An Officer and a Gentleman at Leeds Grand Theatre until 28 April

I approached this production not quite sure of what it was supposed to be. It is described as ‘An Officer and a Gentleman the Musical’.

Musicals usually fall into one of two categories; the juke box variant when popular songs are linked by the writing of a story, and ‘conventional’ ones where songs are written especially to enhance a story. This show is a mixture of both.  It is a well-known film given the soundtrack of pop songs. Does it work? Yes and no.

There were no programmes available last night, but I have been provided with an online link to it today. I am totally mystified by the director’s notes as I seem to have been watching a different show from the one he is writing about. He begins his article by writing ‘Filled with humility and quiet profundity An Officer and a Gentleman delicately charts the lives of working-class folk in Pensacola, Florida in the early 1980s…’  I am afraid that humility, quiet profundity and delicate charting were not in evidence. The story and associated songs were as delicate as an atom bomb, so much so that, in order to illustrate the way in which women were prevented from work progression, they had to abandon the eighties songbook and go back to 1966 for the James Brown track ‘It’s a Man’s Man’s World’ a song incidentally whose words were written by a woman.

Even the introductory song, In The Navy Now was a paraphrasing of the Bolland and Bolland penned In The Army Now, a hit for Status Quo. He also says ‘Coming at the end of the bitter and wasted years of the Vietnam conflict the movie…..’ The Vietnam War ended in 1975, quite a time before the ‘early 1980s’ – but of course this wasn’t a documentary.

The evening did not get off to the best of starts, with an announcement being made that owing to a technical difficulty the beginning would be delayed by a few minutes. There followed a film montage projected onto the scenery which lasted for a lot longer than was necessary. I suspect that this should have been shown as we were entering the auditorium.

The production was, as they would say in football, a game of two halves. I spent the interval wondering where on earth this was going and, more relevantly, why did they even set off on the journey in the first place. The second half improved somewhat as the pace picked up but it was still very bitty, comprising seventeen (yes I did count them) set pieces, making the whole thing seem like a succession of sketches and pop videos.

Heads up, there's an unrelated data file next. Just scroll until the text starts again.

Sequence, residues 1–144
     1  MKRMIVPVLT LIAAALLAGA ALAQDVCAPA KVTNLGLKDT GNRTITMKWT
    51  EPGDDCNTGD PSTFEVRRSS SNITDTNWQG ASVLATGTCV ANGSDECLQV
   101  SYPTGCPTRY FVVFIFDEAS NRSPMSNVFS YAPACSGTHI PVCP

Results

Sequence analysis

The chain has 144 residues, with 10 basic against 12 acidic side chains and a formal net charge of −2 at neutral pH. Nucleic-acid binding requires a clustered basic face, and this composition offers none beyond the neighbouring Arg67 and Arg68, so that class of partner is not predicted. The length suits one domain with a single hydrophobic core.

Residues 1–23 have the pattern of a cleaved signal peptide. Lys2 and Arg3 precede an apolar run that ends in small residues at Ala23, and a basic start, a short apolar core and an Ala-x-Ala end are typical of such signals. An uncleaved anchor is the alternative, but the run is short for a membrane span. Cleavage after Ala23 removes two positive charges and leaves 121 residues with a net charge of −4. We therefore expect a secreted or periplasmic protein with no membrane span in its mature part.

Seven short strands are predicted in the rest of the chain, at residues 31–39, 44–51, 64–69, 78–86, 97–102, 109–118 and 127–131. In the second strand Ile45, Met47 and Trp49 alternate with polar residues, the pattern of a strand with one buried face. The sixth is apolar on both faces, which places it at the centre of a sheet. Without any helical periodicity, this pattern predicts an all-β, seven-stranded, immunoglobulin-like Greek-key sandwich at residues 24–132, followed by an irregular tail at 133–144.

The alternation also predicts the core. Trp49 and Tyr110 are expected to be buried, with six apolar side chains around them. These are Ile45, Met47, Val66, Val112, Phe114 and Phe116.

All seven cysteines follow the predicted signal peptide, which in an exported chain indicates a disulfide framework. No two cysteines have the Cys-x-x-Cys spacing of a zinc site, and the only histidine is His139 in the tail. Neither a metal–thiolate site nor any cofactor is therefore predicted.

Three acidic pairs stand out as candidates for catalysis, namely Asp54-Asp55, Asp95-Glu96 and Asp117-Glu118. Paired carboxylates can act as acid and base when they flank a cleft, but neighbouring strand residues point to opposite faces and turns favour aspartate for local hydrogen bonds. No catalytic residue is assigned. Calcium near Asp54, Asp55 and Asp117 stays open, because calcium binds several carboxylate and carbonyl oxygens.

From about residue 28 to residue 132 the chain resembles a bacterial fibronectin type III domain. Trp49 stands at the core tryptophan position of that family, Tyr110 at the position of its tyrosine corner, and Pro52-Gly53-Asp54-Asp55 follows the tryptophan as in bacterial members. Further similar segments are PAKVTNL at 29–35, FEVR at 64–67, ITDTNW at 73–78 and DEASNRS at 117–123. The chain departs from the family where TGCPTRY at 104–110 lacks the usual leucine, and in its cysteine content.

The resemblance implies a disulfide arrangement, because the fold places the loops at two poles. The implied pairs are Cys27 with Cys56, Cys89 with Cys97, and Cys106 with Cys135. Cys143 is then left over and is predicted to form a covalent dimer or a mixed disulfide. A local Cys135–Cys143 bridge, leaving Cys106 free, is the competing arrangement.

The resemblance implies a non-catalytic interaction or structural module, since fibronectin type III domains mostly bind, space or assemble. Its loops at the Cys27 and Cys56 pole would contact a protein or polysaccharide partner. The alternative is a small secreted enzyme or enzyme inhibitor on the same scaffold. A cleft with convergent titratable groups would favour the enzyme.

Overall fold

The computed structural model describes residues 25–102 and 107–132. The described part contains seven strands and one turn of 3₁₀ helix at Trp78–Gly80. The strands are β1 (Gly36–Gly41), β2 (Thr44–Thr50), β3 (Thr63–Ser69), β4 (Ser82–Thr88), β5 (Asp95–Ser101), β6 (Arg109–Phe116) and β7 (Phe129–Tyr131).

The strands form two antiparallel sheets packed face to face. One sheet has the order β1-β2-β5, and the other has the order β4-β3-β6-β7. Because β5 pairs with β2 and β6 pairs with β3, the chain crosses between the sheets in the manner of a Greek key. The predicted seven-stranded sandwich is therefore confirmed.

For those of you who, like myself, are not au fait with the film, it follows the induction course for US Navy pilots from raw recruits to qualified flying crew. The transition is hampered by the sadistic drill instructor who pushes them to the limit of their endurance. Inevitably some drop out but it is their back stories which are the substance of the piece. There are family relationship problems and two love stories, each involving girls from the local factory, one of whom sees her only escape route as being via marriage to a trainee pilot, and the other who wants to work her way out via a career in nursing.

The singing was absolutely superb, especially from the two leads, Emma Williams and Jonny Fines, and the other love interest couple played by Ian McIntosh and Jessica Daley. The acting was of a good standard, although one actor did suffer a couple of stumbles over his lines. The dancing worked well apart from some of the marching steps, which looked somewhat unmilitary. The other two things which fell a little short of expectations were the baseball swing of Ian McIntosh and an unconvincing fight scene between Messrs Fine and Shell.

I might not have been totally impressed by the show but a large part of the audience obviously was, as illustrated by the applause and loud cheering when one of the candidates was awarded their wings and informed that they would be flying jets. Perhaps it was a documentary after all.

 

Stan writes Let’s Do Lunch for Leeds Living.  He also reviews special events for food and drink, which sometimes takes him beyond Leeds.  He has also developed an interest in writing on culture, most frequently dramatic and musical theatre.

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